Email leaks hang over Copenhagen Climate Conference

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The Copenhagen Climate conference opened Monday, but leaders and organizers can’t quite shake the email scandal that erupted last week when leaked emails from East Anglia University allegedly show scientists manipulating data on climate change.

Danish Environment Minister, Connie Hedgeaard, said the leaks are just one aspect being used by skeptics. “No matter how we turn and toss it, if we have to become nine billion people on planet earth by the middle of this century, then we better start to find more intelligent ways of creating our growth. And I think that even skeptics must acknowledge that that is tremendous challenge,” she said at a press conference with United Nations representative to the conference, Yvo de Boer.

The conference, which looks to bring together world leaders to discuss all aspects of climate change, has been hit hard by the East Anglia scandal. The idea that scientists went into hard data and changed it in order to make global warming look more destructive, has led many to say scientists and environmentalists have been misleading the world for years.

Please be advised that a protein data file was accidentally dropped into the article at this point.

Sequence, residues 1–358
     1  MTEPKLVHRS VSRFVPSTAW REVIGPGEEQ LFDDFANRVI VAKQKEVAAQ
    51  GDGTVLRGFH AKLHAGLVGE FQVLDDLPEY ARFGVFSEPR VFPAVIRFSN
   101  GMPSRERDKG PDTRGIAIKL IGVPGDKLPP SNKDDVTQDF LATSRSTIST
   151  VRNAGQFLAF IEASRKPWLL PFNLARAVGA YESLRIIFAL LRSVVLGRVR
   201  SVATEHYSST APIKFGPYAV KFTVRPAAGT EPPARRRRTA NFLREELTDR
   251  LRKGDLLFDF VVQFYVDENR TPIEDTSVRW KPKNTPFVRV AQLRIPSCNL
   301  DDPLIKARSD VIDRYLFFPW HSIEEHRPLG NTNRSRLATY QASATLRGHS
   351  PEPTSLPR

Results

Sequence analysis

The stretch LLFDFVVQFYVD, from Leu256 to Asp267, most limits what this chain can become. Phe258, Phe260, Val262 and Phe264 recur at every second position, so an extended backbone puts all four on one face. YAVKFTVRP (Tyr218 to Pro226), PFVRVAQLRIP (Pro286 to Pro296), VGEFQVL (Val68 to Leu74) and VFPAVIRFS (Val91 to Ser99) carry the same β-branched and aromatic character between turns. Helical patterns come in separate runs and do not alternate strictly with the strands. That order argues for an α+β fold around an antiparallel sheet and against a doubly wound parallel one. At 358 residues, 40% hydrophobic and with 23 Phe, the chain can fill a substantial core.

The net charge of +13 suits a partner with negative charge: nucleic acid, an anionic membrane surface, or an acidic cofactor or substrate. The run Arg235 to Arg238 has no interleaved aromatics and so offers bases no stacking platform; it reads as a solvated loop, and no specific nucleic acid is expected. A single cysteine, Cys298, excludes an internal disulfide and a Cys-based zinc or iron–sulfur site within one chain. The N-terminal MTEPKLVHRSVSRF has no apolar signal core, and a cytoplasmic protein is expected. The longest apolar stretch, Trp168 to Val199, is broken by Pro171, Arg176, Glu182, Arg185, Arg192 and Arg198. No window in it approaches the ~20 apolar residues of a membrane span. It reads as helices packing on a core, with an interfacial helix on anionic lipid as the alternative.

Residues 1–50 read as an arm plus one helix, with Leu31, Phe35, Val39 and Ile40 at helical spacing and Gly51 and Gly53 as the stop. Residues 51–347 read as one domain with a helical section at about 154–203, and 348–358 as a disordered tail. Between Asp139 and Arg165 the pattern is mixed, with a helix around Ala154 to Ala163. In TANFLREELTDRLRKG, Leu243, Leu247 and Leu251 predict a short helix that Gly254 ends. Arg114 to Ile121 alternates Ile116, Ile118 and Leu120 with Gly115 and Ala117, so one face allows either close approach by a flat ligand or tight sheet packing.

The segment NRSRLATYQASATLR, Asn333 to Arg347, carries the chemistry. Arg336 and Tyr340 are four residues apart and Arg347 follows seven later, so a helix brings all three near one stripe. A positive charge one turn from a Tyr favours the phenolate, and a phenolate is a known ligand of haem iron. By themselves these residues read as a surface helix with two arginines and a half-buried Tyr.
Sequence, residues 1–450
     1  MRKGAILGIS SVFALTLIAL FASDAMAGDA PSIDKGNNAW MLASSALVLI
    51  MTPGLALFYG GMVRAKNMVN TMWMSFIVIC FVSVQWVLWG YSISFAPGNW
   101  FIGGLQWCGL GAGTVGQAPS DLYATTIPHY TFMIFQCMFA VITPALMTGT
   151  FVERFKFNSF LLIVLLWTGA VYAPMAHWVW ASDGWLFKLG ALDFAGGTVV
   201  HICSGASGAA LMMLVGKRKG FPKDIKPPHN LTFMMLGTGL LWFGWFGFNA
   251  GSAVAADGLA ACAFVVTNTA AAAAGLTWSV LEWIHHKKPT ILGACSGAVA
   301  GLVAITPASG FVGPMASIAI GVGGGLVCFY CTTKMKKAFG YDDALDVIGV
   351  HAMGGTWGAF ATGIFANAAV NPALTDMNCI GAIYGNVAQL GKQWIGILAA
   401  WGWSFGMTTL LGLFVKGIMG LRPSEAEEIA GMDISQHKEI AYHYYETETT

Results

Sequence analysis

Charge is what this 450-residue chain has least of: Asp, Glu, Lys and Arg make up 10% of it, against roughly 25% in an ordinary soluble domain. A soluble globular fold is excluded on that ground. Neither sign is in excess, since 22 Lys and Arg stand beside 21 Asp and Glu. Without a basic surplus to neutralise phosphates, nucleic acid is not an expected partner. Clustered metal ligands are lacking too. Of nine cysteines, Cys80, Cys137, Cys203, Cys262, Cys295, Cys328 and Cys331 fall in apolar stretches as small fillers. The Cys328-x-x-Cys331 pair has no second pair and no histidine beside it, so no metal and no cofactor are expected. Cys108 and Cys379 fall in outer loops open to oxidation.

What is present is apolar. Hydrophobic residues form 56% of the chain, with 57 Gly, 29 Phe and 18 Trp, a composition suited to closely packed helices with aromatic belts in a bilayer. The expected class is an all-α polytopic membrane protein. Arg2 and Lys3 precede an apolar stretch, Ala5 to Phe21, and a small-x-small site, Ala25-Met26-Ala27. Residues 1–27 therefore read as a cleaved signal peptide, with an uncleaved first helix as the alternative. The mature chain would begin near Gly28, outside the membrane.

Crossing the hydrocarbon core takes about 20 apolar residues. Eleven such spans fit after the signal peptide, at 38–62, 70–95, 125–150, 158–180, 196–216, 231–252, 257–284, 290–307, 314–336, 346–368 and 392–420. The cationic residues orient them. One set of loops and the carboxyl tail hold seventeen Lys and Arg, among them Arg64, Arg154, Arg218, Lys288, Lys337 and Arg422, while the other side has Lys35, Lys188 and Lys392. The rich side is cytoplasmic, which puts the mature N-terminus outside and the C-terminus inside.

Shortly after the announcement of the leaked emails, de Boer and the U.N. announced an investigation into the scandal, and environmental experts say the emails should be looked at very closely.

“I think the UN has to take this seriously, especially since the Saudi Arabians are actually seizing upon the “climategate” scandal to question the entire climate change paradigm,” said Ken Green from the American Enterprise Institute in an interview with Fox News.

But other experts say this should be used as an opportunity to step back and look at the big picture and that scientists often have different opinions. “Of course there’s always uncertainty, but as I say, on this issue, less uncertainty than on many other issues we’ve dealt with scientifically,” Ned Helme of the Center for Clean Air Policy told Fox.

The UN is not the only organization looking into the leaked emails, separate investigations have also been launched by East Anglia University as well as a police investigation.